With a mix of real-hair and synthetic wigs, French carefully chooses the right wig for each scene. "Wigs are glorified hats," she said. "With heat escaping from the head, a human-hair wig can easily have a 'bad-hair day' when they're tapping their hearts out, then you can see the curls starting to droop."

French and her assistant maintain the delicate wigs before every show, which is unusual. "You need to clean the netting and make it presentable, plus they last longer and look better on stage."

Another reason, "Some of the changes are so quick and so enormous, I'm pretty sure there's going to be a basket backstage to drop the wigs in. The wigs take a big beating."


When you see "The Producers," take note of Max's apartment and the amount of paper products sitting around.

"There's newspapers, scripts, programs, tickets," props mistress Marshelle Spafard said. "I build all of that."

Figuring out the paper is more involved that you might think. "I do a ton of research. I do a lot of computer graphics. I do a lot of Photoshop graphics. And the more accurate they are, the more fun they are for the actors."

Spafard is also responsible for dressing the set, "things that go on the walls, tables, lights, and you know floral arrangements."

And that includes furniture. "On stage, actors cannot sink in as much — it's much harder for them to get off the couch. All of the furniture has been torn down and rebuilt for this show. That's something the audience would never know."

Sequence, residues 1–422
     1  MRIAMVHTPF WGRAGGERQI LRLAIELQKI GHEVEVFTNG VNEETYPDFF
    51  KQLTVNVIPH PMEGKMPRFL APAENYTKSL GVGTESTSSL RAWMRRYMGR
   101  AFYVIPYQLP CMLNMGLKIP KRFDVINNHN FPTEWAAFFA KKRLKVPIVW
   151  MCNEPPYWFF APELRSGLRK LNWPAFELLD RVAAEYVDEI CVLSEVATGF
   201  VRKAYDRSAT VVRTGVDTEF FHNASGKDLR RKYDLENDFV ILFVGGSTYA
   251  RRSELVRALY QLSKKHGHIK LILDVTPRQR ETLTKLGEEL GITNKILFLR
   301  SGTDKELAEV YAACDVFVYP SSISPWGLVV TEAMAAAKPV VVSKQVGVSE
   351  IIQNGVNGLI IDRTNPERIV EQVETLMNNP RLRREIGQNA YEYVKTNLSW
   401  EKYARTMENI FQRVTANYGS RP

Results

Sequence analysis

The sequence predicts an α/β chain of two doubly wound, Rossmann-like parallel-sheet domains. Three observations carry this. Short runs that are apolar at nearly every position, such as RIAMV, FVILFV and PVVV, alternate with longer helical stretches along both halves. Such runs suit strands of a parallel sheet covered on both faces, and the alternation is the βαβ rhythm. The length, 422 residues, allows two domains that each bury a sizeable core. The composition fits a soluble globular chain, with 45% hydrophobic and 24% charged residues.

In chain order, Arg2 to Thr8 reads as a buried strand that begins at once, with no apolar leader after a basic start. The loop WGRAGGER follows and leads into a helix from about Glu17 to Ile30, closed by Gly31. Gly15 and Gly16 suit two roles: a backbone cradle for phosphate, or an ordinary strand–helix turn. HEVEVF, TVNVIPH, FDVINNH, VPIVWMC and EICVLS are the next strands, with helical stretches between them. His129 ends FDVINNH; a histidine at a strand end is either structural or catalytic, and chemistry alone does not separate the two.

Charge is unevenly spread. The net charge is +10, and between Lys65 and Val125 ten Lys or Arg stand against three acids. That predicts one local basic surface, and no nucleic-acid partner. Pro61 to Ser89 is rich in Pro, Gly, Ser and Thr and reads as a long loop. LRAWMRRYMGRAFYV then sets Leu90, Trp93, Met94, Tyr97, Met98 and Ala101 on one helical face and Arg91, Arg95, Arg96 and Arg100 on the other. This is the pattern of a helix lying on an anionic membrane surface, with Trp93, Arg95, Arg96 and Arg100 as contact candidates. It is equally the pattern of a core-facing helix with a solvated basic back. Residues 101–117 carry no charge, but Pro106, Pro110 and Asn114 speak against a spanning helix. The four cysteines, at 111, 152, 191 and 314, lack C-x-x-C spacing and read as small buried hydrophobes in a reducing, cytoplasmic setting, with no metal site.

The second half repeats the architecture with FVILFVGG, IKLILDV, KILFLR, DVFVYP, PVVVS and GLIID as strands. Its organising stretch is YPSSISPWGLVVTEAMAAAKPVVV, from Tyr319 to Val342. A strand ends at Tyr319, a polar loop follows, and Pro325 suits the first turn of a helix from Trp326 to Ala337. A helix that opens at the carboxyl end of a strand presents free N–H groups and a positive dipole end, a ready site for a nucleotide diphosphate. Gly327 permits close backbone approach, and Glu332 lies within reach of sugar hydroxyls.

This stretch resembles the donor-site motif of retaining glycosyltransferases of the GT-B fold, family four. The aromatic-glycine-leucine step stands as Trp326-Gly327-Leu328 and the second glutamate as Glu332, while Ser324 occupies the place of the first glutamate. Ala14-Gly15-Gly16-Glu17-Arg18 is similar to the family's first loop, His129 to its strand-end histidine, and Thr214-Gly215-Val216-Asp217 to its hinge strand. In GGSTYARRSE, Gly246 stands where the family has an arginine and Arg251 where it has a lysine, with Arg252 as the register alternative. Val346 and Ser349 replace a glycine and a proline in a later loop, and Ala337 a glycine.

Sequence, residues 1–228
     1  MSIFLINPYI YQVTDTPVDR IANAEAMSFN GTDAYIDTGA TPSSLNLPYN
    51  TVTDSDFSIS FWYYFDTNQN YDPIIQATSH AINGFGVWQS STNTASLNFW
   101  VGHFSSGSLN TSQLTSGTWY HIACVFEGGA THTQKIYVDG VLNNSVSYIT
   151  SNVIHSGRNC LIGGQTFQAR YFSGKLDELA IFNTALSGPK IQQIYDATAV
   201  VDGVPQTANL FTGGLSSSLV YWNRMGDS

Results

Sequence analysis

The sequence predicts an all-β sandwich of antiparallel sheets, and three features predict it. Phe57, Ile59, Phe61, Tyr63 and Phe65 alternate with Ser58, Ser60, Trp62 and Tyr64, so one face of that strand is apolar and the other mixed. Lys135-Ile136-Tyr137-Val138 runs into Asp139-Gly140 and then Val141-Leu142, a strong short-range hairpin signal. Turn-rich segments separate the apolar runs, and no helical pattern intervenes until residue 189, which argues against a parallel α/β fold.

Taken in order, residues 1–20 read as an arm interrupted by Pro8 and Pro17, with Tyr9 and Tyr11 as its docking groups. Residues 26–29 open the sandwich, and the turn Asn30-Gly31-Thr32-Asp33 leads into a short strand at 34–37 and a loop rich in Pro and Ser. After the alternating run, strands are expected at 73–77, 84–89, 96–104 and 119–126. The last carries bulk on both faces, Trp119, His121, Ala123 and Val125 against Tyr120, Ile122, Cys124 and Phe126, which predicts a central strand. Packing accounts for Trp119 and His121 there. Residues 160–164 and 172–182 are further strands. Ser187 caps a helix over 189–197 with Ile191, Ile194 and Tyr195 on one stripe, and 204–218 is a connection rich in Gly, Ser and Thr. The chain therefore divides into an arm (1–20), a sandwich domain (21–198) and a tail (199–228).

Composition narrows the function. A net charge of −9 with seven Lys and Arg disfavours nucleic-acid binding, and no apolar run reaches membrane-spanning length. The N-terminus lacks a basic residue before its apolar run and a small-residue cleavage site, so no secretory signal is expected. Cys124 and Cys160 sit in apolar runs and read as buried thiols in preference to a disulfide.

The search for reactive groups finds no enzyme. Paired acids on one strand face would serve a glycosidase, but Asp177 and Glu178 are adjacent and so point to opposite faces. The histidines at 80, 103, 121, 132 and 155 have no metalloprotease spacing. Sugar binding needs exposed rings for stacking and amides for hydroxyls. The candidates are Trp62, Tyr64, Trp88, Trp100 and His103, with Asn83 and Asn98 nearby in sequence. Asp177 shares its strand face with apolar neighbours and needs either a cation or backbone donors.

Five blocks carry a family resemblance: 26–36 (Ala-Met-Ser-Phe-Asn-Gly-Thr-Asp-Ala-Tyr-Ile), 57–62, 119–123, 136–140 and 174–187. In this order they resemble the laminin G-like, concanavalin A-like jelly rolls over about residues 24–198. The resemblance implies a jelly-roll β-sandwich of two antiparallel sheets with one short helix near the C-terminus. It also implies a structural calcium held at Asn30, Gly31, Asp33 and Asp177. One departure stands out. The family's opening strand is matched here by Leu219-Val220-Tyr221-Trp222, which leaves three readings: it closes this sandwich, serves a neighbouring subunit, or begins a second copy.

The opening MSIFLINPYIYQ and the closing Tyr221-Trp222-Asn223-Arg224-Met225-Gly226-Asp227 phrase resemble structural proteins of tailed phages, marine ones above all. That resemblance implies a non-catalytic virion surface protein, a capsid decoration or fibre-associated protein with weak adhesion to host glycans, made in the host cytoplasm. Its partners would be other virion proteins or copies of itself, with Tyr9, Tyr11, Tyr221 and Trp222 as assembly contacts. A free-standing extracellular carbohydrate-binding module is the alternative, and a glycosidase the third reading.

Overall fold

Many of the show's props, though, will be very noticeable and require equal parts creativity, crafting and engineering.

"The pigeon puppets were an exciting challenge for me," Spafard said. Having never made puppets, she disassembled one of the popular Folkmanis puppets, "to see how they worked and I made a pattern from there. Then I had to make beaks so I had to do sculptures of their beaks. Trying to decide what could be seen from the audience, the right size and color and figuring out how to stuff them."

Spafard, who spends hours driving and shopping, jokes, "In the long run it saves you a lot of money because it gets shopping out of your system. I don't do much shopping off-hours. I am satisfied."


This level of quality is why many actors love returning to PTC. Sitting in the theater's wig shop for fittings, the actors gushed about the quality of everything — from wigs to costumes to set to cast.

And then there's the often overlooked orchestra pit.

Music Director Lawrence Goldberg, who did the music for both national tours of "The Producers," is equally impressed. "We actually almost have the full orchestra in the pit, which is almost unheard of for a regional theater."

That matters because, "you can't do justice to Mel Brooks' style, which requires the full sound of a big orchestra, on strings and keyboard. "The Producers" on Broadway had 23 musicians. We have 20."

Perhaps PTC regular and local favorite, Max Robinson, who will play Franz Liebkind, the unstable playwright, says it best, "The great thing about PTC is, you have a musical comedy experience and the production values are Broadway quality and sometimes better."

And when asked what folks can expect if they come to "The Producers," Robinson said, "Oh geez! A great time, belly laughs. It's just a great time — that's it in a nutshell."

If you go

What: "The Producers," Pioneer Theatre Company

Where: Simmons Pioneer Memorial Theatre, University of Utah

When: Friday through May 10

How Much: $25-$49

Phone: 581-6961

Web: www.pioneertheatre.org

E-mail: ehansen@desnews.com